Belgium in the Eurovision Song Contest 1965
|Eurovision Song Contest 1965|
|Selection date(s)||13 February 1965|
|Selected entrant||Lize Marke|
|Selected song||"Als het weer lente is"|
|Final result||13th=, 0 points|
|Belgium in the Eurovision Song Contest|
Belgium was represented by Lize Marke, with the song '"Als het weer lente is", at the 1965 Eurovision Song Contest, which took place on 20 March in Naples. Marke was chosen internally to be the Belgian representative, and the song was chosen in the national final on 13 February. Marke had previously finished second in the Belgian preselection in 1963.
There was a minor controversy after the selection when it came to light that "Als het weer lente is" had previously been performed on TV (ironically by the following year's Belgian representative Tonia), but after some deliberation broadcaster BRT decided not to disqualify the song, as none of the rules of the European Broadcasting Union in effect at the time regarding song selection had been broken.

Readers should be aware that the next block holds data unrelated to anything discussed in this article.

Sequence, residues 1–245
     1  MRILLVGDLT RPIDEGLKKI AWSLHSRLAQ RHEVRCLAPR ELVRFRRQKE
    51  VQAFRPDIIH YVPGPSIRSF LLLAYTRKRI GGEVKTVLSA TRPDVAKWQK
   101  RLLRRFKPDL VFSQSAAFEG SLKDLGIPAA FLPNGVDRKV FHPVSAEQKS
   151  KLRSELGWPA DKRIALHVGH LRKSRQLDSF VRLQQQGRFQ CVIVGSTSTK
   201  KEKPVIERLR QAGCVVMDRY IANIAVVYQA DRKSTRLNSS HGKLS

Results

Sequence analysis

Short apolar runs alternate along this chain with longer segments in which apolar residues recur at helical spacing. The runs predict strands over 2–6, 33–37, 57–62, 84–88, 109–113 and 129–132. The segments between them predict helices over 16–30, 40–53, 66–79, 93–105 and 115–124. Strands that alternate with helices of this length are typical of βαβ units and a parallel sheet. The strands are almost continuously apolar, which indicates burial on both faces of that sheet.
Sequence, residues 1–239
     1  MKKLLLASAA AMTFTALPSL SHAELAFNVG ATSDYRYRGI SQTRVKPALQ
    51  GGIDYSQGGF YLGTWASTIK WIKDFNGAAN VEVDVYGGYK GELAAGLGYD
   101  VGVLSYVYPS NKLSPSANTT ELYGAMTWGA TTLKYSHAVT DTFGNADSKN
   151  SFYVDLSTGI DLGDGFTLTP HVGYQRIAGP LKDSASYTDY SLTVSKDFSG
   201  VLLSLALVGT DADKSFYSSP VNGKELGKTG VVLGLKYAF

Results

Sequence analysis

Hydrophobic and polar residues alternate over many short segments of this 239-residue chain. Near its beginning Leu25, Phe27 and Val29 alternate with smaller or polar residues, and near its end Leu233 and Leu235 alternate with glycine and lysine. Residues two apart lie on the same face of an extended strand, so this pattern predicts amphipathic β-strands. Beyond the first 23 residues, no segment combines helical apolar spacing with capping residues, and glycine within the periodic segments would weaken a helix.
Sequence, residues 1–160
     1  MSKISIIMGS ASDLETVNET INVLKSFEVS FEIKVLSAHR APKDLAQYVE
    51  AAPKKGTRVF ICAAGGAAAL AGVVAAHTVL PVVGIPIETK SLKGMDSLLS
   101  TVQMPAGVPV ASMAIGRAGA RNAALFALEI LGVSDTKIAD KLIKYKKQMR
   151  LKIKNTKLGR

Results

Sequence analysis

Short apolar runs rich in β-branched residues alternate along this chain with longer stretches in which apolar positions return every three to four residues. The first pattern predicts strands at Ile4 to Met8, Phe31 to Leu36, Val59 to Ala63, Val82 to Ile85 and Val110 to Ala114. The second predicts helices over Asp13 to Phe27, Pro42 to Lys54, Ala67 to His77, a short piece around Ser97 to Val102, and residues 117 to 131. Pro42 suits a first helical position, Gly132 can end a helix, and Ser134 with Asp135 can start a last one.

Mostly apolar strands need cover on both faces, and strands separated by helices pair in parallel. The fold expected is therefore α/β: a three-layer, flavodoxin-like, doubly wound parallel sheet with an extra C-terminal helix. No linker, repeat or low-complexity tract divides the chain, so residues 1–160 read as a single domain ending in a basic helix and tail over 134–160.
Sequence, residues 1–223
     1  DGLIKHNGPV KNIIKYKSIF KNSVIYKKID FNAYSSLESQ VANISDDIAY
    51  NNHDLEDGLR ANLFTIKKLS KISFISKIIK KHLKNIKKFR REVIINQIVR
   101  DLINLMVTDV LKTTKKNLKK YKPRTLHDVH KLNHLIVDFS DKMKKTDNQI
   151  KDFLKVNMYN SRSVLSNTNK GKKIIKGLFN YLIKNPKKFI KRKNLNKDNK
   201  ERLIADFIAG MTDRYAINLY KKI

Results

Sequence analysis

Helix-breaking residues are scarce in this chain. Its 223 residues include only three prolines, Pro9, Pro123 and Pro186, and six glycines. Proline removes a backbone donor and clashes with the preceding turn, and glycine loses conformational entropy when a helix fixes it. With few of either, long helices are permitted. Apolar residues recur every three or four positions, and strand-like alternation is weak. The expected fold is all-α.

The final was hosted by Nand Baert at the Amerikaans Theater in Brussels. Six songs were performed by Marke and the winner was chosen by a 20-member jury consisting of 10 "experts" and 10 members of the public. It is not known how the songs were scored, nor whether the votes of the experts and the public carried equal weight.
|1||"Als het weer lente is"||317||1|
|3||"Een wereld zonder jou"||285||2|
|5||"Jij bent onmisbaar"||266||5|
On the night of the final Marke performed 8th in the running order, following Norway and preceding Monaco. Voting was by each national jury awarding 5, 3 and 1 points to its three favourite songs. At the close of the voting "Als het weer lente is" was one of four songs (along with the entries from Finland, Germany and Spain) which had failed to register a single point. This was the third time that Belgium had found itself at the foot of the Eurovision scoreboard, and the second (and to date last) time the country had finished with the infamous nul-points.
The Belgian jury vote was unique under this system, as only two songs had received any votes at all from the 10 jury members. Under the rules then in effect, this meant that they awarded 6 points (rather than the apparent maximum 5) to the United Kingdom and 3 points to Italy.